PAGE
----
Tuesday, December 7, 2010

Oh, That Voice!

I recently finished The Absolutely True Diary of a Part-Time Indian, by Sherman Alexie and I LOVED it. The protagonist is fourteen and has such a strong voice. Awesome. He also is honest and talks about the kinds of things that are on a fourteen year old's mind, which has caused some issues with parents who are concerned about what their kids are reading (more to come on that below.) What I also really loved about it was that it validated my own protagonist of my current work-in-progress, in a way. I tend to write on that line between upper MG and lower YA, sometimes called Transition now, sometimes called Tween (which is not what I think of as tween.) This guy, though, walks that line, too. Of course, his book is marked as YA, but it feels like something my middle schoolers would read and totally get. It's a book to give those guys who say they hate books-- they'd love it. It's funny AND touching AND challenging.

My husband said, "It's funny? It's full of really sad things that happen!" (I made him read it.) And okay, no spoilers, but yes, sad things happen in the book. Normally, I'm all about avoiding sadness in book. I want escapism!! But this one...man, I just loved this protagonist. I loved his voice, this edge of raw honesty, humor and self-reflection. Thumbs up. In the book, too, his character makes a list of his favorite things, so he has a top book list. I'm going to read those books next. :)

Oh, and also? It's been banned or considered being banned a number of times, which is one my life goals as a writer, to have a book that is so true to life, so challenging, that adults freak out and think kids should be sheltered from it. Here's another article about how it was banned in Oregon State. And might I mention that I just discovered the blog linked in the previous link (thanks, Google!) just now and it looks totally great? I'm going to start following that one...has a great list of books to read.

Monday, December 6, 2010

Steampunk Surprise

I love fantasy. I enjoy science fiction. I appreciate alternate histories. I love dystopians. I love all sorts of novels that require using your imagination to build a different world in your mind alongside the author. I had heard of steampunk, of course, and figured I sort of understood what steampunk meant. Then I tried to read Leviathan, by Scott Westerfeld. Now, I had read Uglies by him, and loved it. I thought his premise was clever and fascinating. I saw Leviathan on a list of recommended reads by teens, which I'm slowly working through, and checked it out of the library.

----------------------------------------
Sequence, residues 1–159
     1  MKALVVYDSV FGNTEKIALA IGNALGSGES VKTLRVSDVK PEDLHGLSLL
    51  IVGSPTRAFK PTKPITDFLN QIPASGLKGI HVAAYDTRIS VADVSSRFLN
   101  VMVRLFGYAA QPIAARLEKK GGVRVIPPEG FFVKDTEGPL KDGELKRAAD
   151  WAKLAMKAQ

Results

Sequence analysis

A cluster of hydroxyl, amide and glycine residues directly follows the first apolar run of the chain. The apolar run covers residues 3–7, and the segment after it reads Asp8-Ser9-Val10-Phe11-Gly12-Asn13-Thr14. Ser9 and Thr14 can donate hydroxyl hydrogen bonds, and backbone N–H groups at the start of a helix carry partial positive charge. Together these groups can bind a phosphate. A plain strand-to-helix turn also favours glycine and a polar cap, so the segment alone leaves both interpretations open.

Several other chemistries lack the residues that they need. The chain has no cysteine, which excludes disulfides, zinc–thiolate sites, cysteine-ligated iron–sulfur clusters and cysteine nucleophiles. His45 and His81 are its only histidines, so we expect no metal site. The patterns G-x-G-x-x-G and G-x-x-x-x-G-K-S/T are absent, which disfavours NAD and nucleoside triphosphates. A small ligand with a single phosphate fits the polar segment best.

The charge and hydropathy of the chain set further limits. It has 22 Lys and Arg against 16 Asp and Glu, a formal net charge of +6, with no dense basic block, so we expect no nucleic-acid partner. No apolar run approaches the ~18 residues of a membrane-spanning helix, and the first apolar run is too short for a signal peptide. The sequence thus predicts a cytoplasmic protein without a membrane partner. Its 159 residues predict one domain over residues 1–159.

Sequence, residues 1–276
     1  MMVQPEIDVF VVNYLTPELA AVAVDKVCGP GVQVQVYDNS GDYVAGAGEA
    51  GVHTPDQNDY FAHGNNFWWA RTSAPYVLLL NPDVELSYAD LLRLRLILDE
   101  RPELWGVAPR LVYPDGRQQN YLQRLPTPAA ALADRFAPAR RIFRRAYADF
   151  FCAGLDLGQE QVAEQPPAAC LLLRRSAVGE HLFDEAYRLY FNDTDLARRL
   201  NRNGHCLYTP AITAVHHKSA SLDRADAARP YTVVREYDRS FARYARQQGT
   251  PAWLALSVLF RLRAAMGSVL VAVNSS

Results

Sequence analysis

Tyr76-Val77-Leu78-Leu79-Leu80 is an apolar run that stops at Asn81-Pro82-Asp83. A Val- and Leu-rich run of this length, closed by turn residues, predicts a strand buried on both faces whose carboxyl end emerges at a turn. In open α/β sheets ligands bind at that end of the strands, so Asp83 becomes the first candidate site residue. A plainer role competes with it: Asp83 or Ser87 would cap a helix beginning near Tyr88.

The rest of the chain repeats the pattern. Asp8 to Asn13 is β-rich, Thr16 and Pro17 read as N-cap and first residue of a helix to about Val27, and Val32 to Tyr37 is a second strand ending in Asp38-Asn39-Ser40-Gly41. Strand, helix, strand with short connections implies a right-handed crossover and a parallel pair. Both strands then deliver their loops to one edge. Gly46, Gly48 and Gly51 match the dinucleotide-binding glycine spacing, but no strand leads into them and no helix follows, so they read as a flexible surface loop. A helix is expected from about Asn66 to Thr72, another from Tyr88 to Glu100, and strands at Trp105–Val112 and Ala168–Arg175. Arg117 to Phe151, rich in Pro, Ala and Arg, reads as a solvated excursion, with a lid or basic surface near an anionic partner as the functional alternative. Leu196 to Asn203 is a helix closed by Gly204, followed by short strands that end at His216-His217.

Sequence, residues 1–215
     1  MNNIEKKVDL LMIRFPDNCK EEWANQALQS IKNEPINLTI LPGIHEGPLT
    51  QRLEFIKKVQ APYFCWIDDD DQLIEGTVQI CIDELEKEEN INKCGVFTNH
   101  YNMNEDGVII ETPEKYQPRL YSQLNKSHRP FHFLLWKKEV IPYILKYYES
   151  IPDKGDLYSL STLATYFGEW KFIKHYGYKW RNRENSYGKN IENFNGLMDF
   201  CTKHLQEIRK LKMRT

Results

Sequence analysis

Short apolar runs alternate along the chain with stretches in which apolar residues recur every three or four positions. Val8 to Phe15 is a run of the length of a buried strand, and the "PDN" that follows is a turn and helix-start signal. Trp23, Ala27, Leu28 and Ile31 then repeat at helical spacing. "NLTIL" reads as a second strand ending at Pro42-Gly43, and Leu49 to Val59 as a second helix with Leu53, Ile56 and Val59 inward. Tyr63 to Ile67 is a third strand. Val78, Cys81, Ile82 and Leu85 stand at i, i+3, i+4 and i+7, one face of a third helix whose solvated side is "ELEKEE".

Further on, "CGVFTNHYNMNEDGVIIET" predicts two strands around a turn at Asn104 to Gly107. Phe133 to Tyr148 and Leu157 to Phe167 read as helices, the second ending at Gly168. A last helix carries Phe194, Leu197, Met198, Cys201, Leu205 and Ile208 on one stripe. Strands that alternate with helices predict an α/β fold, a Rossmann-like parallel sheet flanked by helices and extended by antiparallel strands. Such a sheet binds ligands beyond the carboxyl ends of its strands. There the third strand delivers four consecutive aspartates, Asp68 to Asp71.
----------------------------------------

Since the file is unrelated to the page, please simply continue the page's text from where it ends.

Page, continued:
I'm glad I used the library.

It didn't help that there are two protagonists, that it is so politcal and war-centered. None of those are things I love. But the scope of weirdness was so far beyond what I had read before that I struggled to pay attention to the plot in my attempts to visualize this alternate WWI setting, with machines and living-genetically altered living creatures mixed together to create a different kind of war machine. Hearing Germany and France just kept jarring me as I was reading about a floating ship consisting of a giant, living whale and an apparently a giant ecosystem that also somehow requires pilots and navy-like Air Force people. I was so baffled that I might be completely wrong about what the ship actually was built out of, but if that's the case, that's just another reason why it's not a book for me.

I think it's clear that it takes a lot of creativity to build this kind of world and I can respect that. I can totally respect the author and how much he has accomplished. What I couldn't do is get past chapter 4 of this particular book. Do you know how rare that is? I actually abandoned a book! Gasp! Now I will try one other steampunk, I suppose, to see if I dislike the genre in general (as I suspect) or if it was just one of those cases when a reader and a book don't match. There are lots of fans for Leviathan--I'm just not one of them. I feel sad about that. Steampunk sounds so COOL! "Yeah, I'm reading this awesome steampunk novel..." Oh well! Too many books to spend time on ones you don't really enjoy! Off to read The Maze Runner, by James Dashner. It was on the same recommended list as Leviathan...we'll see how this one goes!